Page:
“I saw your old mum the other day,” Allan “Jockey” Rudd would say.
It could have been said to numerous people in Goulburn and invariably, that mum wasn’t much younger than Jockey.
But the spring in his step, twinkle in his eye and cheeky sense of humour made him young at heart.
His kind words, sprinkled like stardust, gave everyone he met a sense of connection, of shared history and assurance that he cared.
Goulburn went into mourning on Saturday, waking up to the news that he had passed away the night before. He touched so many lives through his long working career and in retirement with his visits to hospitals and aged care facilities.
But as we all know, he was a familiar face around the CBD as me made his rounds, dropping in on business people for a friendly word.
Here at The Post we looked forward to his Thursday visits picking up copies of the Post Weekly to take to the hospitals, nursing homes and others. “How’s that boy of yours? Is he still in the orphanage?” he’d quip to a journalist. It lightened our day no end, as we know it did for many others.
Through it all we saw a man of quality and sound values, borne of a Christian upbringing and shaped by early family struggle. Jockey had a strong moral compass that was quietly imparted and never judgmental.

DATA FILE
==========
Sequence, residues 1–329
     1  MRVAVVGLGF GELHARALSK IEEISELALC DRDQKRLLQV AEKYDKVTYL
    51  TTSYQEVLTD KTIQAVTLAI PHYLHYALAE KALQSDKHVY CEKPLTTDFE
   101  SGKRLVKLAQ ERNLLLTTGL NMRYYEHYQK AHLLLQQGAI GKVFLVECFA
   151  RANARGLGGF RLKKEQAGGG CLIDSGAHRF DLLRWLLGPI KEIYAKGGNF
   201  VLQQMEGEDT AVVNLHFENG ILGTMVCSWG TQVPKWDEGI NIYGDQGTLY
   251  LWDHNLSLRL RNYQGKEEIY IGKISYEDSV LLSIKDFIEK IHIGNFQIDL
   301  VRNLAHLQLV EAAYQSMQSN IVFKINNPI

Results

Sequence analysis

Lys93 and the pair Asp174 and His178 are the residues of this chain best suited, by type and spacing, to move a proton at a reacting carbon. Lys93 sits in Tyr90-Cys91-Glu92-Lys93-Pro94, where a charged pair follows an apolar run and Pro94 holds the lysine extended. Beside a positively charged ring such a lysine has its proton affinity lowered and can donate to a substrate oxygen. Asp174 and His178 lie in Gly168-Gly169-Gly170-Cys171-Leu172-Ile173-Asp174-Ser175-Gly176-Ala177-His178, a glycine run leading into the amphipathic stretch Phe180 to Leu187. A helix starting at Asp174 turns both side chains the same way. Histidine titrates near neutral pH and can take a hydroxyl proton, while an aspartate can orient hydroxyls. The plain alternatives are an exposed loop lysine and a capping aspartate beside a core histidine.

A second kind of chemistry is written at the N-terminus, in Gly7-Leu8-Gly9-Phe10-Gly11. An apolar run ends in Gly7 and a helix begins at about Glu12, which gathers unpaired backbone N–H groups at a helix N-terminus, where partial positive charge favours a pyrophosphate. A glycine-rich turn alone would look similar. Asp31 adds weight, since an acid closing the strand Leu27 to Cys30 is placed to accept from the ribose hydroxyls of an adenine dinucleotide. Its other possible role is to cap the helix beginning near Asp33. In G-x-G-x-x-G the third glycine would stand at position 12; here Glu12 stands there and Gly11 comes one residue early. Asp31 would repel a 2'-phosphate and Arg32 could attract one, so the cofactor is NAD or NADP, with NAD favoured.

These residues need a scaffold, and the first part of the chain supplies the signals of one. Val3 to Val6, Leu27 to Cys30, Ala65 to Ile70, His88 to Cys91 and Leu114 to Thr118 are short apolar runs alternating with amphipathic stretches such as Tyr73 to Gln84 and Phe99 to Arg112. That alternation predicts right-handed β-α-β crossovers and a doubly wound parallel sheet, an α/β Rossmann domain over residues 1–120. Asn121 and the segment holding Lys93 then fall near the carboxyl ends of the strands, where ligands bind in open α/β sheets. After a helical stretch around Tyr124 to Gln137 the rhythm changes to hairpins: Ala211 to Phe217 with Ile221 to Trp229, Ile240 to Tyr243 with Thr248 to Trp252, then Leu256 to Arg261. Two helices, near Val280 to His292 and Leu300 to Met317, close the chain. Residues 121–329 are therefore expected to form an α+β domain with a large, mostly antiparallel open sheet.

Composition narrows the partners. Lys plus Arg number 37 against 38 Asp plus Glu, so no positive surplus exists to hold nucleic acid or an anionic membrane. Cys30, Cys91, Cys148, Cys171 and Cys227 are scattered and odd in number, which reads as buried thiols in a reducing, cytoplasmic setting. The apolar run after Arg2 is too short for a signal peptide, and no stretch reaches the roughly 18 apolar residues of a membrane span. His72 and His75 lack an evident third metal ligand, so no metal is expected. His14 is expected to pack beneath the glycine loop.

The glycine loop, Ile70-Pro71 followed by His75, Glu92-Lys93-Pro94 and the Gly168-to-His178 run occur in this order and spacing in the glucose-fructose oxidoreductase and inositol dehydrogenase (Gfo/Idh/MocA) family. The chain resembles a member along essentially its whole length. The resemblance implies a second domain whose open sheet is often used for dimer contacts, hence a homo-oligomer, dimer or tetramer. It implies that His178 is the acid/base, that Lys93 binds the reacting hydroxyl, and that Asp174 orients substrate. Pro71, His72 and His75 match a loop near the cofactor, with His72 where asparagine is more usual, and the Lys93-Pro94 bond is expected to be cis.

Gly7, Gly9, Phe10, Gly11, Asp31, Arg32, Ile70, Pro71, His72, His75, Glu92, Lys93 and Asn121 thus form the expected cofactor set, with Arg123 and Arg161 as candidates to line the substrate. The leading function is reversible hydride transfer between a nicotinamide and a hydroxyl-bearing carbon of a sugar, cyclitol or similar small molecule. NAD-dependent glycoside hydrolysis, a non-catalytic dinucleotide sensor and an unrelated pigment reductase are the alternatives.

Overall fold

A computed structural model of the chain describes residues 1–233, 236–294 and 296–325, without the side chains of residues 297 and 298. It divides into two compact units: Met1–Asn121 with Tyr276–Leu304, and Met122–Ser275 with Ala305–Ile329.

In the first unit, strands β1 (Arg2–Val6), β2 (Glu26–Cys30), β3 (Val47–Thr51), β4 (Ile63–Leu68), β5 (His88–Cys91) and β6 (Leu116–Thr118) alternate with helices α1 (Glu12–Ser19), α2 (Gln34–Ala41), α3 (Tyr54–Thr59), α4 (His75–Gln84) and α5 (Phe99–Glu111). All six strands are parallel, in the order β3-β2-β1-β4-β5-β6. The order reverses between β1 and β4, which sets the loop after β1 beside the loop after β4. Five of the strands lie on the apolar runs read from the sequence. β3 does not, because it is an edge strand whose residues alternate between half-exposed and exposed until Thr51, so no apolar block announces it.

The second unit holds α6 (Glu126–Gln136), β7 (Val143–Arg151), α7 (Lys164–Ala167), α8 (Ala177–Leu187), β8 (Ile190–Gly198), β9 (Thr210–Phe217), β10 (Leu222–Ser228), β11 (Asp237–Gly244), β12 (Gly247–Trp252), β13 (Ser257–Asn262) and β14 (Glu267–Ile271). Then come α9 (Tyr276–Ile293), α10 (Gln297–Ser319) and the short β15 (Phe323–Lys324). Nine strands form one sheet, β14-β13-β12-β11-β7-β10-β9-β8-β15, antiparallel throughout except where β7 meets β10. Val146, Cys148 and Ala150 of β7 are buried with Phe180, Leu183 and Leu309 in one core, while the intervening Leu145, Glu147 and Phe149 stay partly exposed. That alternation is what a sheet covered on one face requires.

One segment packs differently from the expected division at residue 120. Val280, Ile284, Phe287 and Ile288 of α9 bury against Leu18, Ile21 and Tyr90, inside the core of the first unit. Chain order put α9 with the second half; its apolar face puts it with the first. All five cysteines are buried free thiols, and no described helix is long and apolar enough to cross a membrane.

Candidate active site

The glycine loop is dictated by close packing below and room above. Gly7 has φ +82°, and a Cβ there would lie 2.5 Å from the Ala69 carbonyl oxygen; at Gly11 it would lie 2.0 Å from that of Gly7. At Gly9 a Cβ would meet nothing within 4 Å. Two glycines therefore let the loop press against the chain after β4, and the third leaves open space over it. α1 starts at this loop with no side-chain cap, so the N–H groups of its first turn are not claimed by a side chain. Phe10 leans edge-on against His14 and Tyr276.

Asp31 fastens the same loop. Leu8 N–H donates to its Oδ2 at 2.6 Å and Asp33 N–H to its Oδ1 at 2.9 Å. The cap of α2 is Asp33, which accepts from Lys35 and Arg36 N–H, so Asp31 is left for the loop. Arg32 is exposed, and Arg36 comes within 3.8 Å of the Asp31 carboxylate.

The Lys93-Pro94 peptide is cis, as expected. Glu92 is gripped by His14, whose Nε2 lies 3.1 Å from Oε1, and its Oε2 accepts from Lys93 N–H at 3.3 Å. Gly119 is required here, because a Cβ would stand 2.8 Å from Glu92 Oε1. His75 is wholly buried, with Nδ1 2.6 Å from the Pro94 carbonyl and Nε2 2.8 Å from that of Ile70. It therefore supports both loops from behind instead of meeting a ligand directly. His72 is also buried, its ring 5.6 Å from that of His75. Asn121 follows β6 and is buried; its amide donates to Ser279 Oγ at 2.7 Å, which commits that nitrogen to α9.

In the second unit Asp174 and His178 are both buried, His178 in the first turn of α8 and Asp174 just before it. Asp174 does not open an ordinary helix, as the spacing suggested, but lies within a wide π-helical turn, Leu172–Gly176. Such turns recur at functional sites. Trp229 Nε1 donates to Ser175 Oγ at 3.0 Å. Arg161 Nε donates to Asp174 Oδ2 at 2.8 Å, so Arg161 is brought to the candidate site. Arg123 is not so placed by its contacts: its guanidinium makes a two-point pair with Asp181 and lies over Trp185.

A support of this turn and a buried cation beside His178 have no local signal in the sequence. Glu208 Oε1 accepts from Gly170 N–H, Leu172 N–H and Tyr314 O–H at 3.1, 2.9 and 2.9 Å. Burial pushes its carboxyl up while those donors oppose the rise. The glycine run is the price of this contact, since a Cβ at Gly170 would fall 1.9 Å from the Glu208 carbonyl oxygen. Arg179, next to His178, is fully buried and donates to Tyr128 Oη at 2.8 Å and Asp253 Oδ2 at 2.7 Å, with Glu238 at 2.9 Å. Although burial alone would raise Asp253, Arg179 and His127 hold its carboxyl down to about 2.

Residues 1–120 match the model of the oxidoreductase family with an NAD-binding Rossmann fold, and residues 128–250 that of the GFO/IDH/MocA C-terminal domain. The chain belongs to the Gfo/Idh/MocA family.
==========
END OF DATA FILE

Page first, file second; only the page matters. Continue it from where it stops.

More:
He stuck by those who fell on hard times. He visited people in jail who he’d known previously, just to show them there was hope and compassion.
Every Sunday, he’d take his usual spot at Sts Peter and Paul’s Cathedral for Mass. Then, in later years, it was out to Goulburn Lawn cemetery to place flowers on his beloved late wife, Phyliss’s grave followed by a stop at McDonalds where his charm worked wonders.
Through his quiet work he appealed to our better selves and taught us that old fashioned values were timeless. If you had him as a friend, it was for life.
On his 90th birthday he received a card signed by numerous well-wishers and with a caricature of his head sitting atop Rocky Hill. “Jockey Hill,” it stated.
He was Goulburn to the core and no cathedral would be large enough for the many wishing to farewell him. His loss is enormous. But we also count ourselves fortunate to have known this loyal, honest, funny, cheeky man who had a truckload of integrity. We love you, Jock.